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Stewart Taggart at Desertec-Australia on clean power from deserts worldwide
Marc Strassman, Etopia News
Stewart Taggart, coordinator of Desertec-Australia, talks about Desertec projects for harvesting clean green solar power from deserts in Africa/EU, Australia, and the United States, recorded from Sydney, Australia, on July 20/21, 2009
(2 July 2009)
Desertec Solar Project Shows That Green Investors Can’t Afford to be Too Green If They Want to Make $$
Bill Paul, Seeking Alpha
Too many green investors – and the U.S.-based fund managers that cater to them – are about to miss out on green energy’s long term trillion-dollar payoff because they insist on investing in companies that generate 50% or more of revenue directly from sales of green products like wind turbines and solar panels.
Nobody would mistake German engineering giant Siemens AG (Symbol SI), Swiss engineering behemoth ABB Ltd. (Symbol ABB), or Deutsche Bank AG (Symbol DB) as green energy companies. Indeed, Siemens and ABB are detested by many environmentalists because they construct fossil-fuel and nuclear power plants.
(19-26 July 2009)
European power from the desert is a Fata Morgana
Prof. Dr. Hermann Scheer, blog
Prof. Dr. Hermann Scheer, member of the German parliament, EUROSOLAR president and general chairman of the World Council for Renewable Energy, on the presentation of the DESERTEC Industrial Initiative in Munich today:
The Desertec project “Power for Northern Europe from the Sahara desert" is a Fata Morgana. The initiators know: There is no prospect of success. But for all that Desertec could be a good idea indeed. If the aim were to enable the Sahara countries to make the transition to energy generation completely from renewable sources, I would fully agree to the Desertec plan. The EU would make both an essential contribution towards stable economic and social prospects for the southern Mediterranean countries and to fighting climate change. Given their solar and wind power potentials, these countries would even be able to completely move to renewable energy for their electricity supply within less than 20 years. The beneficial effect to their economies would be much stronger compared with exporting power to Europe.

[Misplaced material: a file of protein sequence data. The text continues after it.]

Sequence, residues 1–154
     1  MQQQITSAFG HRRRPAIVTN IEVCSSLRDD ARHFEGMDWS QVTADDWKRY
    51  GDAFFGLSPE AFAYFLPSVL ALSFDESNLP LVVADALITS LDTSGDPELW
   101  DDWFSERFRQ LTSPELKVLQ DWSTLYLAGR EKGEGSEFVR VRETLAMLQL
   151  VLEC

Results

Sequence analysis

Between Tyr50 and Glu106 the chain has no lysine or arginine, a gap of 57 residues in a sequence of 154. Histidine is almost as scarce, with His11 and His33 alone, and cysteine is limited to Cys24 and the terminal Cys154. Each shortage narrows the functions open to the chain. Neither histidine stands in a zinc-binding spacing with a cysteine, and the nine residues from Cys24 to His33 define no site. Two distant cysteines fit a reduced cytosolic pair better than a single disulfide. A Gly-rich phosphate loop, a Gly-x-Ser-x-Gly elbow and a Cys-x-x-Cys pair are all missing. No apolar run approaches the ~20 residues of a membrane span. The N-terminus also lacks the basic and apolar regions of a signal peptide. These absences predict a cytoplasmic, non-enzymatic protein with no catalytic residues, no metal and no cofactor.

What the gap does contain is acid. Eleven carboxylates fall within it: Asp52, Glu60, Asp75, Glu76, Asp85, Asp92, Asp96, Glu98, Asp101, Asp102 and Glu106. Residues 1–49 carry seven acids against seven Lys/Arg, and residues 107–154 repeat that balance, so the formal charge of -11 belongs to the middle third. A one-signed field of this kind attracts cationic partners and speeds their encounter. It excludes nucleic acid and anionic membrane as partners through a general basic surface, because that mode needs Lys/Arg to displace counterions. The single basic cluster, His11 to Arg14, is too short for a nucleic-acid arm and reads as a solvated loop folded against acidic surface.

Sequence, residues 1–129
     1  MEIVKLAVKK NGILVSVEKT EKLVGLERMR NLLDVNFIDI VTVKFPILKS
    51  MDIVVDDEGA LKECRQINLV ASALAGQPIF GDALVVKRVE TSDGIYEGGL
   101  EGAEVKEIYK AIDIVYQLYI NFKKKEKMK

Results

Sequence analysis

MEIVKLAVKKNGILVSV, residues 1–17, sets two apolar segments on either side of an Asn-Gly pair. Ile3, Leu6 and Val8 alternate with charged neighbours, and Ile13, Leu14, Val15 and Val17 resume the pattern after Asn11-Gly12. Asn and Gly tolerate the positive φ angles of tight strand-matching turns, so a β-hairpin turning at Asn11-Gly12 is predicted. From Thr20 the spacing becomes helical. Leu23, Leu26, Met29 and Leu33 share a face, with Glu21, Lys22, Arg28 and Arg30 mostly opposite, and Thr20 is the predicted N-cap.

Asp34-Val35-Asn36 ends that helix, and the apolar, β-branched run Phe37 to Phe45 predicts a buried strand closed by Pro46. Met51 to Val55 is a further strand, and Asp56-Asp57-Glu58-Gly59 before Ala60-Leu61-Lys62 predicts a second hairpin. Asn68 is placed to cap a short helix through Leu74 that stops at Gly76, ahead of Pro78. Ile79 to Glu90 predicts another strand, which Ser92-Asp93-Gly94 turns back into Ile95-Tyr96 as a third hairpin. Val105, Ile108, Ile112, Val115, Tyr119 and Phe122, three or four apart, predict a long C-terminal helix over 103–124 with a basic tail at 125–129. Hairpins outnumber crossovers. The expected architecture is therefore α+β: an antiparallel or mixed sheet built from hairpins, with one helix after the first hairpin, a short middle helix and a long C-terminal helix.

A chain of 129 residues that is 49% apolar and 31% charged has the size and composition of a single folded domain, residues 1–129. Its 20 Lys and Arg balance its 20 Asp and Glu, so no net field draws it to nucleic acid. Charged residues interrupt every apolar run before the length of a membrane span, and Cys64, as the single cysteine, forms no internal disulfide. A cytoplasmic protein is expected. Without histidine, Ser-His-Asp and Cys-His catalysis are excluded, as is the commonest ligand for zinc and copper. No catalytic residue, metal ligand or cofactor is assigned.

There are several essential reasons that the Desertec concept presented today for large-scale solar power exports to Europe is highly questionable. The expected costs are artificially down rated, while the possibilities to save costs when building the high voltage direct current transmission lines are highly overestimated. Even if the plan for supplying 15 per cent of the EU’s electricity demand with supposedly €400 billion cost of investment would be feasible; this would not at all be less costly than generating power from renewable energy within the EU itself. In Germany alone, since 2000 – that is within nine years – the percentage of electricity generation from renewable energy has increased to 15 per cent, while the volume of investment has been about €80 billion. The costs per generated kilowatt-hour keep falling constantly.
(13 July 2009)
Related: Professor Scheer recorded a talk recently on renewable energy and energy policy. The talk starts at 11 mins in after various thank yous and intros. -KS
Matthias Reinig at Schott on Desertec Industrial Initiative
Marc Strassman, Etopia News
Matthias Reinig in Corporate PR at Schott International talks about the $560 billion Desertec Industrial Initiative to build a network of concentrating solar power stations in North Africa and use the power locally and export the surplus to Europe, recorded from Mainz, Germany, on July 20, 2000
(20 July 2009)